Magnetic resonance imaging (MRI) has represented a revolution in diagnostic imaging, having become the most common method of imaging internal organs, and in particular, the brain. This is due to the exquisite contrast offered by MRI between soft tissues (such as white and grey matter of the brain) and its safety for the patient. Less well known is its versatility. As the MRI signal is sensitive to several physical characteristics of tissue, MRI offers a virtually infinite range of contrasts.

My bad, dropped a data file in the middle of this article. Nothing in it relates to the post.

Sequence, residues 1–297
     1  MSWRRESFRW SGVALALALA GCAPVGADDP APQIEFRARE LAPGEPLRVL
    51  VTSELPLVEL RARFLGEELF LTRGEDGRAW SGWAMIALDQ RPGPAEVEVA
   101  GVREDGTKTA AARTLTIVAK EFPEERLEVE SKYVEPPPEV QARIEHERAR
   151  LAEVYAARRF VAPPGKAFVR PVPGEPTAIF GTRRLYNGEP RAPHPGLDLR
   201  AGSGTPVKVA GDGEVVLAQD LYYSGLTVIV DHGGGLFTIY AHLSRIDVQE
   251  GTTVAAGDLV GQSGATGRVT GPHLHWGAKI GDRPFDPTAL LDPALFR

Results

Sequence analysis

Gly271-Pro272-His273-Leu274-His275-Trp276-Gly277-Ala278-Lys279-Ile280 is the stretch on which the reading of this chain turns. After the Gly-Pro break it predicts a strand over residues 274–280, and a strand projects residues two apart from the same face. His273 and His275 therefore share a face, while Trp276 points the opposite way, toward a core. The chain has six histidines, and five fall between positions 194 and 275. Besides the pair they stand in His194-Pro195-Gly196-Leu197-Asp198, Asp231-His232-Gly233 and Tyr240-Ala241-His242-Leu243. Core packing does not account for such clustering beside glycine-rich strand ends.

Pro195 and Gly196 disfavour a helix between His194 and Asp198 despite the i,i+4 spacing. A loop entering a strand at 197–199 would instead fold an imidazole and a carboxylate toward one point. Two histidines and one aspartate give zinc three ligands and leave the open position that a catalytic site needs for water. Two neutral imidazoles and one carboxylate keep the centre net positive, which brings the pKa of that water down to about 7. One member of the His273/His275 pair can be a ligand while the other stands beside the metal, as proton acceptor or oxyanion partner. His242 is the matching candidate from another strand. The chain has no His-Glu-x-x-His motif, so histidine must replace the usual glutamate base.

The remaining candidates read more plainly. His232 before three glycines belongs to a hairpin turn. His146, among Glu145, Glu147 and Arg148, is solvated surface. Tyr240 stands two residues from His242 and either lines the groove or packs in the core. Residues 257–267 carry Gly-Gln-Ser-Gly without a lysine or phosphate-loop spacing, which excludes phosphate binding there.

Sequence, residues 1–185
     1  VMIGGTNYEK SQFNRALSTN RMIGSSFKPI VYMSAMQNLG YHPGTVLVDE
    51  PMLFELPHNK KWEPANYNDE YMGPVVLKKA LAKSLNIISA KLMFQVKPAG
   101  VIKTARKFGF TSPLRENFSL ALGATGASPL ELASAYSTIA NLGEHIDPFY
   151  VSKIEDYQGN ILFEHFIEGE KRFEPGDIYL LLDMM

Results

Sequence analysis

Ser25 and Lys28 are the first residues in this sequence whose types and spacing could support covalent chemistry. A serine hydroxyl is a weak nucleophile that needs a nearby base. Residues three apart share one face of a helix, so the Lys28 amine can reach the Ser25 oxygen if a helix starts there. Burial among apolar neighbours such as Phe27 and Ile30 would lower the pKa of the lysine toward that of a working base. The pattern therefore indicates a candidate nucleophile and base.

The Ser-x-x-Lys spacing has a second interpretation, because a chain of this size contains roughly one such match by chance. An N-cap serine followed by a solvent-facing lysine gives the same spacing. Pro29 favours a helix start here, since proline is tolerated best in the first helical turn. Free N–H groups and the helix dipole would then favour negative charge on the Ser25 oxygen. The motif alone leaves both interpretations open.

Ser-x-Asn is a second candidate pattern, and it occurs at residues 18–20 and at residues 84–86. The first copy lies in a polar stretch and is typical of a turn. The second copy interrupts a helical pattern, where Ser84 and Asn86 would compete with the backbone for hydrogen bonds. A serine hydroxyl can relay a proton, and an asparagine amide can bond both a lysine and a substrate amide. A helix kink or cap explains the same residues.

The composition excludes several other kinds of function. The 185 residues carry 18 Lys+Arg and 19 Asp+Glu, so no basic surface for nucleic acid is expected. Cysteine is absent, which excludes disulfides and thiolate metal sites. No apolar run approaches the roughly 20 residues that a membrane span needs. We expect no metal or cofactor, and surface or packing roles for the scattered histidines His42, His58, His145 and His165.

In this lecture, Professor Cercignani reveals how this property can be manipulated to show features of tissue at the microscopic level. She explores what MRI measurements can tell us about the healthy and diseased brain, discusses how the technique is still evolving, and concludes with the impact this has for speedier and more effective diagnosis.